chapter
14 Pages

Introduction: The problem of Italy and the wider world 1860-1960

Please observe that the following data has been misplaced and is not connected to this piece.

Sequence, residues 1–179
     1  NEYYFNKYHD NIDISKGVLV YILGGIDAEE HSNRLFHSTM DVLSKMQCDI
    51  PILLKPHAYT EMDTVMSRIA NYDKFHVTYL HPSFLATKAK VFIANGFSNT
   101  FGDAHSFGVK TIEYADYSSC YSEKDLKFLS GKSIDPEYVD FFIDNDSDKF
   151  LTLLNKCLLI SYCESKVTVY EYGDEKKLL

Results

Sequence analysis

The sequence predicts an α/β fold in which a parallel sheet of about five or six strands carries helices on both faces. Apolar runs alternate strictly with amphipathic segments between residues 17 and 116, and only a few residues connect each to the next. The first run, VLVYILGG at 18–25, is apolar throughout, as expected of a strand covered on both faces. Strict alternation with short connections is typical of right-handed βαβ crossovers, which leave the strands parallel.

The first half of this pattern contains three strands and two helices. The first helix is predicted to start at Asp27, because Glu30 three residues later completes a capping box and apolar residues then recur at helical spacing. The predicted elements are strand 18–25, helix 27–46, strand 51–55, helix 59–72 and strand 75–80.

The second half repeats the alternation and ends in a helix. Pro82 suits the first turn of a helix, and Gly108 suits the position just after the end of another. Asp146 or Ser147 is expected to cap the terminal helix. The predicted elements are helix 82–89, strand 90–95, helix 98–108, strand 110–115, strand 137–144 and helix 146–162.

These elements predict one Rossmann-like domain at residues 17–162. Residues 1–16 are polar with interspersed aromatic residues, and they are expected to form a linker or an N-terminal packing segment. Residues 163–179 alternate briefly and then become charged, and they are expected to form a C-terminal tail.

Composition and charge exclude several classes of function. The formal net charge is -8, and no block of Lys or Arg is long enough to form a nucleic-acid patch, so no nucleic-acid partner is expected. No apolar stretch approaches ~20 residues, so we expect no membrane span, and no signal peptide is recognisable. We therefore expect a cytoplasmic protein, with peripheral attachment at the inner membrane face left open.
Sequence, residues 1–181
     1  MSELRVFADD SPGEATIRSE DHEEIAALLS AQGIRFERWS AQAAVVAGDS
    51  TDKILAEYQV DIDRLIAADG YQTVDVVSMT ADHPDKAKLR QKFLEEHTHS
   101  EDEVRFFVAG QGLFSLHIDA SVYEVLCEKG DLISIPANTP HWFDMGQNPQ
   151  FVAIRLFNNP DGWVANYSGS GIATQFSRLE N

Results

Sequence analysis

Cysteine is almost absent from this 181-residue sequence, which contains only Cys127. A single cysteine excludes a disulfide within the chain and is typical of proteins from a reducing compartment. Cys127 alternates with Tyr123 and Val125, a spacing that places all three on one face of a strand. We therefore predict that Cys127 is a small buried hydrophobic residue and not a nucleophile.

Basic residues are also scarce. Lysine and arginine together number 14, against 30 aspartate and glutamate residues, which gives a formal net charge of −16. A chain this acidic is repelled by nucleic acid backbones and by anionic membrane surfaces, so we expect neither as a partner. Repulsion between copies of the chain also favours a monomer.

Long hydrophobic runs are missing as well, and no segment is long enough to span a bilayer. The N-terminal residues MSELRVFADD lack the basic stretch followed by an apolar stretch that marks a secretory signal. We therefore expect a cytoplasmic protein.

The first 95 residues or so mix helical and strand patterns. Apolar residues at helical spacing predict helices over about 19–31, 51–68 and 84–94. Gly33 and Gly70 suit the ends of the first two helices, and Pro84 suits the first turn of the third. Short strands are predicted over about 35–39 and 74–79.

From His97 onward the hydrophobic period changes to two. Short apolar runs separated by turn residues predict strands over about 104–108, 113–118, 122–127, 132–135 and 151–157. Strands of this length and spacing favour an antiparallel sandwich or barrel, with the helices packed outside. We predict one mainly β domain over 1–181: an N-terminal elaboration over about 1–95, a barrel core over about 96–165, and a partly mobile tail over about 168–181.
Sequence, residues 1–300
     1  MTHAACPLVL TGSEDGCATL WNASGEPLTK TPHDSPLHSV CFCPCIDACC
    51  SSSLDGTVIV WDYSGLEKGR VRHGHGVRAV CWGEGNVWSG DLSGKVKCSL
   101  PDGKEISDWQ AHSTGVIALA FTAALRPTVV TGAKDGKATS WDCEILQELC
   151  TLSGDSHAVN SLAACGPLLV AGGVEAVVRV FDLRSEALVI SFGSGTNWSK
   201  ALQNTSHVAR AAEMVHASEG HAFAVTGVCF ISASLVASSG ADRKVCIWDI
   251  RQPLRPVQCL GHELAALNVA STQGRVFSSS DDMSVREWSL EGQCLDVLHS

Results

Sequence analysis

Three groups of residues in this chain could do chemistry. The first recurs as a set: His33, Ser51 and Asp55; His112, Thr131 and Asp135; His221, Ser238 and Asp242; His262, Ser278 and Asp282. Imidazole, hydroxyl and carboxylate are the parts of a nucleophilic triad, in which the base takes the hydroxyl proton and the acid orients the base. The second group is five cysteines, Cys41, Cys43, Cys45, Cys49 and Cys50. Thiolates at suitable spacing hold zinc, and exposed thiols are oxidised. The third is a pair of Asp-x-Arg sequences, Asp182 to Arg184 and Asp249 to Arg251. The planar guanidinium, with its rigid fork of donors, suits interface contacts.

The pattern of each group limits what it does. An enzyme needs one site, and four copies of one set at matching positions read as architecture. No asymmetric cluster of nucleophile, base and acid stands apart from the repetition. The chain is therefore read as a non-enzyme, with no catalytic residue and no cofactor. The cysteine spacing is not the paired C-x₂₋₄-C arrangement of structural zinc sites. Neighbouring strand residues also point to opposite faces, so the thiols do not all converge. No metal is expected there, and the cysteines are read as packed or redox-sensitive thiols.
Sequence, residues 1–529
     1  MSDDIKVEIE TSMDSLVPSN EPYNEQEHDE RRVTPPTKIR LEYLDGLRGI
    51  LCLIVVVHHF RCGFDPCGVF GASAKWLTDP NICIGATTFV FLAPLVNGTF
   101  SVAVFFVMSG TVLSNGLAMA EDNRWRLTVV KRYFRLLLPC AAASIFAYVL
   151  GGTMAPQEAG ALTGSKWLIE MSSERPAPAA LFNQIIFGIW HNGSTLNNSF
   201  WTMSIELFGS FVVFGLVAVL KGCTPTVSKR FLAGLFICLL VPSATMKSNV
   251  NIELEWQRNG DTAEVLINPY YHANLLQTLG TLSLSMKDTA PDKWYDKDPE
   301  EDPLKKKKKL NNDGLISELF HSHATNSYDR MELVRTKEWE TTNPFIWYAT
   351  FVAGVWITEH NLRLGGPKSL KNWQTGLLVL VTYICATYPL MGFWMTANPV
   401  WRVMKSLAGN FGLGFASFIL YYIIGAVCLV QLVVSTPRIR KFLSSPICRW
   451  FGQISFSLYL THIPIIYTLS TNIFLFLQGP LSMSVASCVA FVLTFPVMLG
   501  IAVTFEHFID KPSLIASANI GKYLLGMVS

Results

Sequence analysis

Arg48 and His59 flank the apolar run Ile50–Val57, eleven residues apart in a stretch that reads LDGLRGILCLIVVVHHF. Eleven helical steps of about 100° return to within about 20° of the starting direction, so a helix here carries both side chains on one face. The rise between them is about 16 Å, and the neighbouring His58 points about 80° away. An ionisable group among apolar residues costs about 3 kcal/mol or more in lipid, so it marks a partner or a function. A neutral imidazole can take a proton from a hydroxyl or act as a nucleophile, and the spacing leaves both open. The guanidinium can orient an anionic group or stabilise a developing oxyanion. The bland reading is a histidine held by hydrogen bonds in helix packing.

In Perth, Western Australia, 'the most isolated city in the world', Kings Park looks out over the central business district. In this park can be found the unique fauna and flora of Western Australia - raucous parrots, nocturnal marsupials, tortured 'kangaroo paws' and giant gums. On Sundays, the populace gathers there to picnic and to play. But, a young anthropologist has told us, beware what goes on at the wall by the Pioneer Women's Fountain. For there congregate some second-and third-generation Italo-West Australians. Their clothes, their gestures, their style flaunt their version of italianità. Males greet each other with dramatic hugs and fervent kisses like football players having scored a goal. Females talk knowingly about the superior sexual mores of 'Marias' (Italian girls) compared with those of 'skippies' (Australian girls). Morality, material goods and ethnicity mingle. The anthropologist's description runs on: 'there were many Fiat cars, many Italian flags and many private number plates sporting Italian names. Most rear vision mirrors dangled crimson garters'. Should non-Italian Australians intrude into this sacred space, they are expelled: 'A group of Australian cyclists passed the wall and one [Italian youth] commented [sarcastically]: "Oh look, the whole family is here". They were quickly booed and jeered and chased off the scene.'1